The winning books will be disseminated to K-12 schools throughout the country by Subaru of America and participating Subaru retailers nationally in conjunction with the Subaru Loves Learning initiative. Since the initiative was launched in 2015, more than 278,000 books have been donated.
“Our partnership with Subaru of America creates a unique opportunity to provide the best quality science books each year to hundreds of schools and thousands of students across the country. These awards aim to recognize books that spark curiosity and inspire the next generation of scientists,” said Sarah Ingraffea, awards manager of the prize at AAAS.
“Through the Subaru Loves Learning initiative and our partnership with AAAS, Subaru of America and our retailers have been able to provide an enriching and more accessible science education for K-12 schools by helping to recognize and donate books that enlarge the world of science for children,” said Thomas J. Doll, president and chief executive officer of Subaru of America. “We congratulate this year’s award winners, whose books will inspire the next generation of science leaders.”
Prize winners will be honored at the 2020 AAAS Annual Meeting in Seattle in February.
Children’s Science Picture Book
Moth: An Evolution Story, by Isabel Thomas, illustrated by Daniel Egnéus. Bloomsbury Children’s Books, 2019.
This picture book introduces young audiences the concepts of natural selection through the story – and striking imagery – of one creature: the peppered moth. The mostly white-hued moth once blended into the English landscape, hiding against light-colored trees and lichen. Yet, with the dawn of the Industrial Revolution, the soot from coal-burning factories blackened the trees, leaving the moths vulnerable in plain sight. As people continue to alter the landscape, can the moth adapt and survive?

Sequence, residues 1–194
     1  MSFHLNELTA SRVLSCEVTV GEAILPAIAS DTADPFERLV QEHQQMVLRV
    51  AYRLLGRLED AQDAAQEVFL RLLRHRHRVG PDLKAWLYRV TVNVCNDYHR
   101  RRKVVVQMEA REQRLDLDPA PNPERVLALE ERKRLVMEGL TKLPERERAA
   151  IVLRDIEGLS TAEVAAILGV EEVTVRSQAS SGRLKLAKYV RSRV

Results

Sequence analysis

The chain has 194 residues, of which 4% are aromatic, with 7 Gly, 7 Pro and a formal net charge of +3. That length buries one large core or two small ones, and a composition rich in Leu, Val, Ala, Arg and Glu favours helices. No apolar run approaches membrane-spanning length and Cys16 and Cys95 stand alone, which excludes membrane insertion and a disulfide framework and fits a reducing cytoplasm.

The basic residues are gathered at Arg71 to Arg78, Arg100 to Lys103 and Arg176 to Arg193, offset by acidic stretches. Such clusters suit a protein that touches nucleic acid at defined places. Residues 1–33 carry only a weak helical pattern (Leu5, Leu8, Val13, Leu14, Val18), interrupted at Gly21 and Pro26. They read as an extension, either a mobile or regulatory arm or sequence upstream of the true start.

Middle Grades Science Book
Owling: Enter the World of Mysterious Birds of the Night, by Mark Wilson. Storey Publishing, 2019.
Wildlife photographer Wilson presents bold images of the 19 North American species as they fly, nest and hunt alongside accessible information about owl habits and habitats. Wilson encourages young readers to glimpse owls in the wild, identify their calls and even carry on a hooting conversation with the local wildlife.
Hands-On Science Book
Can You Crack the Code?: A Fascinating History of Ciphers and Cryptography, by Ella Schwartz. Bloomsbury Children’s Books, 2019.
In the first installment of a new series of interactive STEM books, Schwartz combines the historical with the hands-on, sharing stories about the past and present of cryptography, from ancient wartime communications to contemporary computer hacking. The book also includes activity ideas so readers can decrypt codes and construct their own.
Young Adult Science Book
Never Home Alone: From Microbes to Millipedes, Camel Crickets, and Honeybees, the Natural History of Where We Live, by Rob Dunn. Basic Books, 2018.
We might think we are home alone, but Dunn enumerates the thousands of creatures hidden in our homes, from moths in our cupboards to bacteria in our kitchens. Yet our efforts to sterilize our homes and rid them of these hidden creatures is paradoxical, Dunn notes – we are simply creating a new space for evolution and adaptation.